So, in recovery mode from getting all the carry-on luggage and the kids to the plane, I spent a good portion of the flight walking up and down the aisle of the plane with the aforesaid baby in my arms or me walking behind him as he crawled and crawled.

And crawled.

Meanwhile the four-year-old was, happily, glued to her iPad. Possibly because she knew that, yes, we were nearly there. My wife and I had never been so delighted for Paw Patrol or My Little Pony in our lives.

Finally, we landed.

We were covered in milk from the baby's bottle plus various other food stuff like bananas, etc that he had managed to throw over us - but we had landed.

Then, however, we had the added torture of getting the carry-on cases - as well as all the actual big luggage we had checked in from the airport - out to the taxi.

That was even more comedically exhausting because the kids were so wrecked that they all wanted to be picked up and carried too. But we did it. And it was worth it, as our first night in the jewel of the Atlantic would prove.

Twenty minutes later, the four-year-old was dancing at our hotel's mini disco with her new pals, the one-year-old was crawling around the dance floor... and mummy and daddy were blissfully looking on at them in the warm evening sunshine with a well-earned glass of wine in our hands.

Yes, we might have looked slightly the worse for wear (baby milk, bits of crushed biscuits, various fruits mashed into our clothes and hair) but we were very happy.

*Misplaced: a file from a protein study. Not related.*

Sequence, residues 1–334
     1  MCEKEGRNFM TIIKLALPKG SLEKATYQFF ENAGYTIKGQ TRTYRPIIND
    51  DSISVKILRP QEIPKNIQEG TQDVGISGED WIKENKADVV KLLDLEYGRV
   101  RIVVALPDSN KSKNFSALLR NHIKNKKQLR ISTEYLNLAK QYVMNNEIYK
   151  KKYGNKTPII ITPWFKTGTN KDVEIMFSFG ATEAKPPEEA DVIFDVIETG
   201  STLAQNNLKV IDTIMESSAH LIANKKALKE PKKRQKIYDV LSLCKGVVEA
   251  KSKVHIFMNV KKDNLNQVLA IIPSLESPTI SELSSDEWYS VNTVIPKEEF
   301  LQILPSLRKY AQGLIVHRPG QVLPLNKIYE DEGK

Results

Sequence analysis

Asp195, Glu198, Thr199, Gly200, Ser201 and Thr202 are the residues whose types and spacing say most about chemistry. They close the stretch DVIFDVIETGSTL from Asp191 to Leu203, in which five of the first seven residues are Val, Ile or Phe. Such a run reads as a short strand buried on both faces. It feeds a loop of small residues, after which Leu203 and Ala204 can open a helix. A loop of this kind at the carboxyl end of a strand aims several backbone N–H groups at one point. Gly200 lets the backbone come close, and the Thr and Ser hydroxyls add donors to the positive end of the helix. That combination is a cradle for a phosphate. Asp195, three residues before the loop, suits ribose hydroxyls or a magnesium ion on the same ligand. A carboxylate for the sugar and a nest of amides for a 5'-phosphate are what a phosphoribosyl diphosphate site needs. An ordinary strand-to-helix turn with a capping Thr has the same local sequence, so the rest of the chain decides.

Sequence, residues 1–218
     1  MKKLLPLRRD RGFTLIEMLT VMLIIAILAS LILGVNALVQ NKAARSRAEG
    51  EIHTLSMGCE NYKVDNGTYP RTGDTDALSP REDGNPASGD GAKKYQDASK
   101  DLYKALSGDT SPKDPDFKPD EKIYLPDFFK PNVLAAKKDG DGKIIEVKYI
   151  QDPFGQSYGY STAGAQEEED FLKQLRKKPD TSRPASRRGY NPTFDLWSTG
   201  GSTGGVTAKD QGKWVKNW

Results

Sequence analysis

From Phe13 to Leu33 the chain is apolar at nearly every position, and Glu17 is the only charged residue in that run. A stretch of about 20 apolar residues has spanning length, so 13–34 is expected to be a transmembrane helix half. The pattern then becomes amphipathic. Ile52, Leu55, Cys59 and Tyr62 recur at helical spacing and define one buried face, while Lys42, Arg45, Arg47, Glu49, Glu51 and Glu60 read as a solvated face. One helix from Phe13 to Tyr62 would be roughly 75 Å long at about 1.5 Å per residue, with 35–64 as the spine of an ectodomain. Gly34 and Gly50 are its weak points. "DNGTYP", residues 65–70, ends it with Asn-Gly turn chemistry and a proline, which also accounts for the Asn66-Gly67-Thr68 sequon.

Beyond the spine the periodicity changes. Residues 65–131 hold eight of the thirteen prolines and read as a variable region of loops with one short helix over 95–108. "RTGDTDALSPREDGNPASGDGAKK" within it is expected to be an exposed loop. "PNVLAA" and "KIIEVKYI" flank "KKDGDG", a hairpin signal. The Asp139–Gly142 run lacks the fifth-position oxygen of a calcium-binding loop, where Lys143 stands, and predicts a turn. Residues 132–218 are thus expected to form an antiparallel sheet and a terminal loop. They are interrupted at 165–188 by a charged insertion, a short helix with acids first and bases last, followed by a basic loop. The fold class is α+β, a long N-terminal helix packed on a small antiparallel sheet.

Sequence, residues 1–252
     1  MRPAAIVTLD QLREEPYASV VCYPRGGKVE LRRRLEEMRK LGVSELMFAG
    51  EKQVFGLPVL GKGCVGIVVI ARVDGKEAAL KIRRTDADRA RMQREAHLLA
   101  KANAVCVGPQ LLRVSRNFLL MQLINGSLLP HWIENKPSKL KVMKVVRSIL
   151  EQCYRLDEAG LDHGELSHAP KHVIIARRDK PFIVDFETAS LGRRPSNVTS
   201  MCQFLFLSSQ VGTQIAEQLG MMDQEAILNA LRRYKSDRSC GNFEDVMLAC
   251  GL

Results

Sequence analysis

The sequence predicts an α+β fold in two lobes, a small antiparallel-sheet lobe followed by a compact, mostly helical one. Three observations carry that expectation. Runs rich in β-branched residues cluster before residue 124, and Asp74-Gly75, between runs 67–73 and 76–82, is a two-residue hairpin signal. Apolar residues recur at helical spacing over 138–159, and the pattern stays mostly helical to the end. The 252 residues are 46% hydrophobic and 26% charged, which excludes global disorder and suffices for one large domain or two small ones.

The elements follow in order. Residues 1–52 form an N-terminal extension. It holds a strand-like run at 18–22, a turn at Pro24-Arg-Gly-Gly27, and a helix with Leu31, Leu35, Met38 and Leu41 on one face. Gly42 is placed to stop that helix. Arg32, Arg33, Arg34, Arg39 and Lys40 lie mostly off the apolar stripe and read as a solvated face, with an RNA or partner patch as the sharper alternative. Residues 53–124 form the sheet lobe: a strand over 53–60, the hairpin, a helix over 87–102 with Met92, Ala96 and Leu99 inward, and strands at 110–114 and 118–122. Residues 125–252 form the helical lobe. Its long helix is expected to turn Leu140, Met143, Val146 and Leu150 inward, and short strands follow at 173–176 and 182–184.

Exhausted but in holiday mode. Then at 8pm the first miracle of the night happened: our 16-month-old son took his first steps.

He walked on the dancefloor of the mini disco to The Birdie Song. It was a sacred moment that I will cherish for as long as I live. The look on his little face as he looked up and clapped his hands before falling on his bum after walking three steps was unforgettable.

Then at 9.45om the second miracle of the night happened...

I was sitting in the downstairs bar in our hotel, Lopesan in Costa Meloneras, watching Liverpool play Barcelona. I hadn't expected much in terms of a recovery from Klopp's boys to be honest. Yet what transpired was one of the most extraordinary sporting moments I had ever witnessed.

Liverpool (without Salah or Firmino) coming back from a three-goal deficit in the first leg to beat Barcelona (with Messi and Suarez) four nil. It was a modern miracle of sorts at Anfield. Everybody in the bar in Gran Canaria was up on their feet cheering at what they were witnessing. I had my son in my arms.

He kept pointing at the screen. I remember watching football games on the telly with my dad as a child. I don't think my 16-month-old son had a clue what had just happened at Anfield.

Nor, I imagine, did Lionel Messi.

The Real Madrid fans in the bar were weeping with joy that their arch rivals from Catalonia had been humiliated so badly.

The following morning on the beach at Meloneras, the Spanish and the Germans and the Dutch talked of little other than the miracle at Anfield the night before.

At that stage, though, my mind had returned to the first miracle of sorts from the previous night: my baby son's first steps. And indeed he walked on the beach and towards the waves.

He stopped just short of walking on the water.

Sunday Independent